Lockdown has unarguably put a great deal of pressure on relationships and this pressure will, in some cases, result in the dissolution of marriages and civil partnerships. This is quite stressful enough without adding myths about the impact on pensions to the mix.
In this article we seek to bust a few of those myths and to explain how Pension Sharing Orders (PSOs) work. This article makes no attempt to second guess what MOD might do as a result of the McCloud case and the transition rules affecting transferees to the public sector pension schemes introduced in 2015. Once MOD plans are clear, we will, of course, explain them.
When a relationship is legally dissolved, be it a marriage or a civil partnership, it is necessary for the couple to divide their ‘matrimonial property’, and pension rights form part of that property. In Scotland the pension component of matrimonial property is limited to that earned or purchased during the marriage or civil partnership. In the rest of the UK the whole of the pension is taken into account. Some men complain that their wife is after their pension which she will enjoy on top of her own occupational pension. This is wrong. In assessing matrimonial property the property of both parties is included – the law is gender-blind when it comes to what constitutes an asset.
Some people believe that the Court will carve up the matrimonial property and that the pension is always split. Again, this is not necessarily the case. If a couple can agree on how this split should occur the Court will not normally intervene. It is not inevitable that the pension is affected. When they cannot agree, the Court will decide.
Prior to 1 December 2000, courts could award an Attachment Order (AO) in England, Wales or Northern Ireland or an Earmarking Order (EO) in Scotland. Payments resulting from an AO are not paid until the pension benefits are payable to the member and they stop when the member dies. The tax liability for these payment remains with the member. The EO provides the ex-spouse with a share of the member’s pension lump sum when it becomes payable. Both Orders have the disadvantage that they can be revisited and varied, which leaves already aggrieved people feeling vulnerable to further ‘assault’.
PSOs were introduced from 1 December 2000. Under Scottish law the value of the PSO is a specific monetary value whereas in the rest of the UK it is expressed as a percentage of the member’s pension rights. The expression of the PSO as a percentage causes confusion. It is generally believed that a 50% share will result in the couple each receiving half of the original pension in the bank each month. This too is not necessarily the case because factors other than the straight percentage share of the pension pot need to be taken into account – for example, the age of the parties. It can also make a big difference when in an AFPS 75 member’s career the order is made – if it is after the Immediate Pension Point, the impact of the PSO may increase significantly over time.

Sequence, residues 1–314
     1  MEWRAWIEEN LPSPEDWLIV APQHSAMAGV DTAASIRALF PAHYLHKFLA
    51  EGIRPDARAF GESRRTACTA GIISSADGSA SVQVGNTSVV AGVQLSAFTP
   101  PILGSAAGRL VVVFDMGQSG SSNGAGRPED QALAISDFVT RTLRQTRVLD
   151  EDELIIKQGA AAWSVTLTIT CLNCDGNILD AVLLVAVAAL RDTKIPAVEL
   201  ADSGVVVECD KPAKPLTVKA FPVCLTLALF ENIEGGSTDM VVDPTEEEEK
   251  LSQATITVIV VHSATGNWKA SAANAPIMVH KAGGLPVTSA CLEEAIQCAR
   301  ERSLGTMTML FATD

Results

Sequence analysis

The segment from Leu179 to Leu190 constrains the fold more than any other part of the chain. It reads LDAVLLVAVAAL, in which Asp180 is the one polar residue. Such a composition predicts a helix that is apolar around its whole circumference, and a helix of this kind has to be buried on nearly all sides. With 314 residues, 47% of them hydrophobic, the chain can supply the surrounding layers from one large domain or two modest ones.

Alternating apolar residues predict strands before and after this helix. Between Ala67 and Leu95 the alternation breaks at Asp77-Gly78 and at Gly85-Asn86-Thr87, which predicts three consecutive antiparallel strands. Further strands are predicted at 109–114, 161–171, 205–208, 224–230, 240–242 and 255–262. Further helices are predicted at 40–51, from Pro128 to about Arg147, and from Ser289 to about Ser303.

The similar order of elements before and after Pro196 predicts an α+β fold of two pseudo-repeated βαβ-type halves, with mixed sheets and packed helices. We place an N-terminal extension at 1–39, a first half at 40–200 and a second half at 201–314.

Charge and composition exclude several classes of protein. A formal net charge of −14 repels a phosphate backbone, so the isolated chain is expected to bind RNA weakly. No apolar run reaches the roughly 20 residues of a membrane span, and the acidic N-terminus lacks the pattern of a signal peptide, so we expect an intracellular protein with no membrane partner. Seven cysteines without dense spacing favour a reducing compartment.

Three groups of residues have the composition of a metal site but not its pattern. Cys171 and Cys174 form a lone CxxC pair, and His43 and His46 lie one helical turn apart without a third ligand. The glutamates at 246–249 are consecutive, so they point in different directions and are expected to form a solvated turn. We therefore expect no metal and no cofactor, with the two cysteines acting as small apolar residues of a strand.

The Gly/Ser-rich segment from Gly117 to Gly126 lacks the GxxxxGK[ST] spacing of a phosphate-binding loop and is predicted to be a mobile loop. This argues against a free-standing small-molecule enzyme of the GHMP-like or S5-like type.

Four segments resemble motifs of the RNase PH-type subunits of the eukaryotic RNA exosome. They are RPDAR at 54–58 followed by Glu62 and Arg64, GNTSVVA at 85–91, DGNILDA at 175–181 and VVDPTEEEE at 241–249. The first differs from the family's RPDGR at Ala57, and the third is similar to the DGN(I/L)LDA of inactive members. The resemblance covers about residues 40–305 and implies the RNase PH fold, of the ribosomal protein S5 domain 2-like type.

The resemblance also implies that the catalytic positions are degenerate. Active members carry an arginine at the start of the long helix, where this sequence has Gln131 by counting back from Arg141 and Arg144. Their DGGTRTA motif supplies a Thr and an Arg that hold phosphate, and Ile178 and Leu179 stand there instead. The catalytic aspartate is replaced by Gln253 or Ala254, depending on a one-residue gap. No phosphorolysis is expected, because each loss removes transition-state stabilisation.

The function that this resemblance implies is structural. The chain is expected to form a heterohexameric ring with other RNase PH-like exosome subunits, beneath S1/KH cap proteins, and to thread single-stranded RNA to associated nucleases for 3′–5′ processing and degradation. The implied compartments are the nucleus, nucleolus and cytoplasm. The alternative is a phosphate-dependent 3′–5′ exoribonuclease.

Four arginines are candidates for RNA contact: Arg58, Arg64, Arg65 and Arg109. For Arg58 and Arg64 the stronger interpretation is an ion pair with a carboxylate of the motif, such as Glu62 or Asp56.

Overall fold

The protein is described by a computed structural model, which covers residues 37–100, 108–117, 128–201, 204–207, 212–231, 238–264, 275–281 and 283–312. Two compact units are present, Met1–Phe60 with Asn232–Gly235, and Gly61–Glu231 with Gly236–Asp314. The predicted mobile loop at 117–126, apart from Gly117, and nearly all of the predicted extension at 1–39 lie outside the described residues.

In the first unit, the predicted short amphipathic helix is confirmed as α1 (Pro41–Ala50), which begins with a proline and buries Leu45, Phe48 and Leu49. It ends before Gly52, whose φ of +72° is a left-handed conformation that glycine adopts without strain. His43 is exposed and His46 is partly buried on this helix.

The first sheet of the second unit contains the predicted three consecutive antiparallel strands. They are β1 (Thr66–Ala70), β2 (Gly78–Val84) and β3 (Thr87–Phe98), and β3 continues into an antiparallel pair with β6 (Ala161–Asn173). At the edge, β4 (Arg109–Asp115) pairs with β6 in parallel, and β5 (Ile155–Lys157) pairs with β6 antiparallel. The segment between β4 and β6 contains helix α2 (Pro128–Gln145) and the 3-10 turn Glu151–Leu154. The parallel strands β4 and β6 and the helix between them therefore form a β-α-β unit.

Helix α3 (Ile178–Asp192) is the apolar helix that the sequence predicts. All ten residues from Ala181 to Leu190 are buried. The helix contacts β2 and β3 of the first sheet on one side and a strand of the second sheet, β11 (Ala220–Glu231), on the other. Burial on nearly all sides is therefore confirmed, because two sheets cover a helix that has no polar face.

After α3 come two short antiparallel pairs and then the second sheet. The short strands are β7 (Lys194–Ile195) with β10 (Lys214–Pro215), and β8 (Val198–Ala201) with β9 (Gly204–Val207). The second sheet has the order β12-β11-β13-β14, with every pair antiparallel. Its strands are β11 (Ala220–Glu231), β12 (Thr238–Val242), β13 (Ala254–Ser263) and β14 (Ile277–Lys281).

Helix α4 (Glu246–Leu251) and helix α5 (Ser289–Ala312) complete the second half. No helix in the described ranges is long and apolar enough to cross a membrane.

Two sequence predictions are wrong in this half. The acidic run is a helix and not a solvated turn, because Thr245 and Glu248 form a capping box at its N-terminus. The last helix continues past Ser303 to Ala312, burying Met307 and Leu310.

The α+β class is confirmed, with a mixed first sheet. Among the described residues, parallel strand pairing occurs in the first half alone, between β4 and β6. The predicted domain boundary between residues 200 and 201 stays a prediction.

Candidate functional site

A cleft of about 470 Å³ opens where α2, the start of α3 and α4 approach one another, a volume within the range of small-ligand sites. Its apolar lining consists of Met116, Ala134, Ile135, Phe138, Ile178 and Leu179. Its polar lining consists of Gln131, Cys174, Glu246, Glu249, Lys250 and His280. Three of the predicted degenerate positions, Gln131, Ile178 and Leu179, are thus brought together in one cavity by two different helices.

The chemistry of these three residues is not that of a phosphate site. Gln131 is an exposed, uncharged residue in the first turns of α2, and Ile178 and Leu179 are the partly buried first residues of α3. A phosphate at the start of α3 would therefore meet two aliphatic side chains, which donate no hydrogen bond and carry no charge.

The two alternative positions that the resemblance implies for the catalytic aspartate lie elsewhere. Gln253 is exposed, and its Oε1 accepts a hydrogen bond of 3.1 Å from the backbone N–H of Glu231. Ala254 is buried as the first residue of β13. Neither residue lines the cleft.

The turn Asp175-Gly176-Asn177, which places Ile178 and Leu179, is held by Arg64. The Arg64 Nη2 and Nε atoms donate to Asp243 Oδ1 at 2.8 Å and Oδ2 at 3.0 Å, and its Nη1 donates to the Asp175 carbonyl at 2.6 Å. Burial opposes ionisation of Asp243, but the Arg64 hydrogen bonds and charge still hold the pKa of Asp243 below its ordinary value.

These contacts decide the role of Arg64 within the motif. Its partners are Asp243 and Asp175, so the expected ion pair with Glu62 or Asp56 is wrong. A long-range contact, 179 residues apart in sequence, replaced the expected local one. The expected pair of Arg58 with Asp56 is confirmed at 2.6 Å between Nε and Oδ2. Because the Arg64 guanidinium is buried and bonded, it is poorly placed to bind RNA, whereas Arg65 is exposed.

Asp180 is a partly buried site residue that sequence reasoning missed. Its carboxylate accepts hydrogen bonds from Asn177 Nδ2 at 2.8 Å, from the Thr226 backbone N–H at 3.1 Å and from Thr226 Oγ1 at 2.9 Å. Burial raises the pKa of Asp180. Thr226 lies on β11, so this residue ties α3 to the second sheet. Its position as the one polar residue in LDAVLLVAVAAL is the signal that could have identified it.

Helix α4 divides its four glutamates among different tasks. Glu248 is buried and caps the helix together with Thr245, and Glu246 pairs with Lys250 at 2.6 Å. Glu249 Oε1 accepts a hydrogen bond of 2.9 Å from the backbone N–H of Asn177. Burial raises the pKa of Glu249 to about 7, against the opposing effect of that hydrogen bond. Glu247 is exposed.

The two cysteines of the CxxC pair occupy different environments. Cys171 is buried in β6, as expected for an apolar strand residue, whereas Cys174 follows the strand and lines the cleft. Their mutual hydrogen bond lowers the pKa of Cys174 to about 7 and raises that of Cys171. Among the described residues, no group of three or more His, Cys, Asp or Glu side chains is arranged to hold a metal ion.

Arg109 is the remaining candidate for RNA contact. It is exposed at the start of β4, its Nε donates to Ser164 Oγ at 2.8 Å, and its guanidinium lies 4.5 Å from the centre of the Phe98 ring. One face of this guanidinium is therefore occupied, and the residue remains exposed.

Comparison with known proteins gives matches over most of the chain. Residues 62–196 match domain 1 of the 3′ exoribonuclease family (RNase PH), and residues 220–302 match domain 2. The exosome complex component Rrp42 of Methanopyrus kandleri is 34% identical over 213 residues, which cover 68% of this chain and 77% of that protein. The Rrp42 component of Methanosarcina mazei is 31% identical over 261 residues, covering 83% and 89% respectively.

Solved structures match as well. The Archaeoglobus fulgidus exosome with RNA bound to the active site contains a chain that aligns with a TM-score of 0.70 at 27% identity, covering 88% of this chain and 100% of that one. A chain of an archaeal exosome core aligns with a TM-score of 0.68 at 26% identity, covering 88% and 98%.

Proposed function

PSOs cannot normally be revisited once implemented and the tax liability on the pension share becomes the liability of the Pension Credit Member or PCM (as the person awarded the PSO is called).
Once the PSO is implemented, the ‘ex’ becomes an AFPS member in their own right, but in a limited way. The PCM cannot add to the value of their pension share, join it with another pension within the scheme or transfer it out. In the event of the PCM’s death, the value of the pension share is NOT restored to the Pension Debit Member or PDM (as the person whose pension has been shared is called).
PCMs often argue that, because the PDM’s pension is in payment, theirs should be too. Wrong! They are governed by the scheme rules relating to pension age for their particular type of membership. PSOs made from 6 April 2006 are payable at age 65 and Orders before that date were payable at age 60. However, PSOs may be claimed as early as age 55 at a reduced rate.
The PDM is not tied to the scheme by PCM and his or her rights under the pension scheme are not inhibited. The PDM can leave the scheme, transfer the benefits out or retire on a pension without any reference to the PCM. Further, the PDM no longer has tax liability for the value of the pension share which is now the property of PCM.
In order for lawyers to work out a settlement to put before the Court, or the Court to impose one, a statement of the value of pension rights is required. This is called a Cash Equivalent Value (CEV). There is more than one type of CEV and it is necessary to specify that you require it for divorce purposes. If the wrong type of CEV is produced, the Court may well refuse to accept it and that can build in delays. The current charge for a CEV for divorce purposes is £180.
If you are a member of the Forces Pension Society and have questions on this or any other pension issue, please contact us at firstname.lastname@example.org. If you are not a member but would like to learn more about the Society, click here